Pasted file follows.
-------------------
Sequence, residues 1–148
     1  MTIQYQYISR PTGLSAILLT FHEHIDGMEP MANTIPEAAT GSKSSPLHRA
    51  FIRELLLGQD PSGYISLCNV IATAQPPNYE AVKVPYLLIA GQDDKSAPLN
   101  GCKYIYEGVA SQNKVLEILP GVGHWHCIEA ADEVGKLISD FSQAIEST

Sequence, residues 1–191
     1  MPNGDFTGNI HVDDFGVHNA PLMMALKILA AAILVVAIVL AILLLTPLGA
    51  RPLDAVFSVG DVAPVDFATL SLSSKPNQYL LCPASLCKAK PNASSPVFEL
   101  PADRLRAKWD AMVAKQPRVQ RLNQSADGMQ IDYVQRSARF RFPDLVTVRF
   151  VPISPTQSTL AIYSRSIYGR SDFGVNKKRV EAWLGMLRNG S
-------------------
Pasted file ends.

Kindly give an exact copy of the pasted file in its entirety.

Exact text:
Sequence, residues 1–148
     1  MTIQYQYISR PTGLSAILLT FHEHIDGMEP MANTIPEAAT GSKSSPLHRA
    51  FIRELLLGQD PSGYISLCNV IATAQPPNYE AVKVPYLLIA GQDDKSAPLN
   101  GCKYIYEGVA SQNKVLEILP GVGHWHCIEA ADEVGKLISD FSQAIEST

Sequence, residues 1–191
     1  MPNGDFTGNI HVDDFGVHNA PLMMALKILA AAILVVAIVL AILLLTPLGA
    51  RPLDAVFSVG DVAPVDFATL SLSSKPNQYL LCPASLCKAK PNASSPVFEL
   101  PADRLRAKWD AMVAKQPRVQ RLNQSADGMQ IDYVQRSARF RFPDLVTVRF
   151  VPISPTQSTL AIYSRSIYGR SDFGVNKKRV EAWLGMLRNG S